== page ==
The Jewish Chronicle - - Community Life -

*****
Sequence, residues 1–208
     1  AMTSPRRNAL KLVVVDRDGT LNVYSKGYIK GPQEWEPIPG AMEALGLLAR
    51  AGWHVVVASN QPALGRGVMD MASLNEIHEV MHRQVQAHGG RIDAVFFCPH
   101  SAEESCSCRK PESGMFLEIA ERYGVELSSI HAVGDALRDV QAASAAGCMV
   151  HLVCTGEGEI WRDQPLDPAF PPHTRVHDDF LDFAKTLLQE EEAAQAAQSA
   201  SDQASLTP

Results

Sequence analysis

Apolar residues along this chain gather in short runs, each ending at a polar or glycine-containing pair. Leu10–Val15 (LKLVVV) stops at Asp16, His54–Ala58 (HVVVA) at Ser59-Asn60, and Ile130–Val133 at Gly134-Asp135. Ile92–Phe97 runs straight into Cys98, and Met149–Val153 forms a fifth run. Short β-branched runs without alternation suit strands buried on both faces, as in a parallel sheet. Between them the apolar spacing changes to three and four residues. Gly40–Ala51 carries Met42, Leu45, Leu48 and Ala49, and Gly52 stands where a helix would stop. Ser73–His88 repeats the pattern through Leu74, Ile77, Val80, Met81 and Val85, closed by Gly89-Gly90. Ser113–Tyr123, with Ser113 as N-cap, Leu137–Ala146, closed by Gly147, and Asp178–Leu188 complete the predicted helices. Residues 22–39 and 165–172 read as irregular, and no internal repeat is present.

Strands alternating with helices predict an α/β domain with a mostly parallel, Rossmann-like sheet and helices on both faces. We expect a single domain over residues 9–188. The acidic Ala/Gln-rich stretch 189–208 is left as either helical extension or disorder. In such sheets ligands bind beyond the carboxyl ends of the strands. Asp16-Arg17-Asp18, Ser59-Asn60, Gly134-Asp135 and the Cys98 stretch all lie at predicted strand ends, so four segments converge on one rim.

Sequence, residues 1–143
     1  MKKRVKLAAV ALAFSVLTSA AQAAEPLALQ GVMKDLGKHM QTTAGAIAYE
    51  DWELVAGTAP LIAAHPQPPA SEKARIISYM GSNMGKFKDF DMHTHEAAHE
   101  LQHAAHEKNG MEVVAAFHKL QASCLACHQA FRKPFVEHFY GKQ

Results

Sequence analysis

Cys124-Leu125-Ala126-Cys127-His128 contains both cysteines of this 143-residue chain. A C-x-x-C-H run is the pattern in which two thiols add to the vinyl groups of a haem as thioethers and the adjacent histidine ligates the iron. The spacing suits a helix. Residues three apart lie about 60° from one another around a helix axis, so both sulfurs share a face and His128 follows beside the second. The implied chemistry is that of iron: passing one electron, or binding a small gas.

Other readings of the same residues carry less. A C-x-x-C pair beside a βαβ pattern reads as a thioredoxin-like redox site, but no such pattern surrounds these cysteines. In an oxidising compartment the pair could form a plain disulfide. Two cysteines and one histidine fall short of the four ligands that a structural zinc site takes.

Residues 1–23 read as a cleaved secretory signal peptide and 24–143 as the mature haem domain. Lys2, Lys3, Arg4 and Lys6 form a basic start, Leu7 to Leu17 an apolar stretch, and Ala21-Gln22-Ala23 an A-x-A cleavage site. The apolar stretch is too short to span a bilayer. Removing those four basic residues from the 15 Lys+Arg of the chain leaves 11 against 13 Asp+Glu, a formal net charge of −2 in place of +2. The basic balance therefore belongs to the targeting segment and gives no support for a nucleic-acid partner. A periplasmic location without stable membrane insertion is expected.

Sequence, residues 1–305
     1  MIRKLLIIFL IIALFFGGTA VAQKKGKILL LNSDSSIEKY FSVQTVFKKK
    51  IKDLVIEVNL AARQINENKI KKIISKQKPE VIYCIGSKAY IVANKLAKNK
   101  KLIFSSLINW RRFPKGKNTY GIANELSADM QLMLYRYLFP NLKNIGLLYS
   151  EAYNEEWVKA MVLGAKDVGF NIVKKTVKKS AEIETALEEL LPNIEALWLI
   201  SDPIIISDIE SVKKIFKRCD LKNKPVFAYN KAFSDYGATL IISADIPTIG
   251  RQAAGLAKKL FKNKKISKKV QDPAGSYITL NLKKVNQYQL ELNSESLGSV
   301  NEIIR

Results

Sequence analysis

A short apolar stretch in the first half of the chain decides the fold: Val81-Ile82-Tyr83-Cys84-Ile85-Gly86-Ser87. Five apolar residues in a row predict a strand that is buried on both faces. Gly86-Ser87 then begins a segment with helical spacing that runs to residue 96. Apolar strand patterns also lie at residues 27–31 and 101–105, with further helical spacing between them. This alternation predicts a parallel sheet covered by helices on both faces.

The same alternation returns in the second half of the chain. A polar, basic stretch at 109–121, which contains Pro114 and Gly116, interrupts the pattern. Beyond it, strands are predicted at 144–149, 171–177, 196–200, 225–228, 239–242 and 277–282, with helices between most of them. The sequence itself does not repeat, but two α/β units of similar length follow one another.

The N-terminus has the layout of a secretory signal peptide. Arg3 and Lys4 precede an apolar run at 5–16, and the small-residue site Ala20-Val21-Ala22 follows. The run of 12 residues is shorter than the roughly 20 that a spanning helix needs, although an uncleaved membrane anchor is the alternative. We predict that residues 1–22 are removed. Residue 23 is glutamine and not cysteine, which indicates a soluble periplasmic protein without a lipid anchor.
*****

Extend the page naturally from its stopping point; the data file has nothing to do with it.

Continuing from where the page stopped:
CHAI CAN­CER CARE Les­lie and Sy­bil Co­hen vol­un­teer at Chai Can­cer Care. Les­lie, a re­tired char­tered ac­coun­tant, has been in­volved with the Hen­don-based sup­port or­gan­i­sa­tion for five years and Sy­bil started vol­un­teer­ing at Chai at the end of last year. Sy­bil worked at Park­side Health for more than 20 years Why Chai? Sy­bil ex­plains: “Les­lie had can­cer 18 years ago and thank­fully re­cov­ered. He wanted to give some­thing back and felt he would be able to re­late to clients at Chai so popped in one day and asked to vol­un­teer. When I had more time on my hands last year, and know­ing of the won­der­ful ser­vices pro­vided by Chai, I too wanted to vol­un­teer and help where I could.” What does your vol­un­teer­ing in­volve? Les­lie says: “I man the freep­hone helpline and be­friend clients which in­volves a va­ri­ety of roles from keep­ing some­one com­pany, to tak­ing them to and from hospi­tal, or to the Chai Cen­tre. I build re­la­tion­ships with peo­ple, pro­vide sup­port and lis­ten where needed. My level of in­volve­ment varies greatly from client to client, and should they be ad­mit­ted to hospi­tal I will go to visit them, not as a vol­un­teer, but as a friend.” Sy­bil adds: “I mostly help out on the re­cep­tion desk, greet­ing clients and man­ning the switch­board.” What do you en­joy most about vol­un­teer­ing? Les­lie says: “The sat­is­fac­tion and pride I feel when I know I am help­ing some­one through such dif­fi­cult cir­cum­stances is im­mea­sur­able. It is a great feel­ing to know you have made a dif­fer­ence to some­one, and the ex­pres­sions of grat­i­tude from those I have helped is an enor­mous re­ward, which makes ev­ery­thing ex­tremely worth­while. You will get far more back than you give. When some­one suf­fer­ing from can­cer or a rel­a­tive or friend says how good it feels to talk, there is no bet­ter feel­ing.” Sy­bil adds: “The con­tact I make with so many spe­cial peo­ple, hope­fully rais­ing a smile and giv­ing a friendly word to make them feel bet­ter.”

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